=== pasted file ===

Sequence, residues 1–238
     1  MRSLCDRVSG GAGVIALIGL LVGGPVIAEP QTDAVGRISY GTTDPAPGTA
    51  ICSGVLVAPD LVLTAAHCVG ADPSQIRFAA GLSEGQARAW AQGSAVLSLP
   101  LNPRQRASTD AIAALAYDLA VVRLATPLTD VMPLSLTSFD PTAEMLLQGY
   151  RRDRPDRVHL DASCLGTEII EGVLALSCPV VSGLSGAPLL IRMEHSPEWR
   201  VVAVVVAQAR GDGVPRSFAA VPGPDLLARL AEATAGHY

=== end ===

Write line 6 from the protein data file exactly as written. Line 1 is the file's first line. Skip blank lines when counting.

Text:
   201  VVAVVVAQAR GDGVPRSFAA VPGPDLLARL AEATAGHY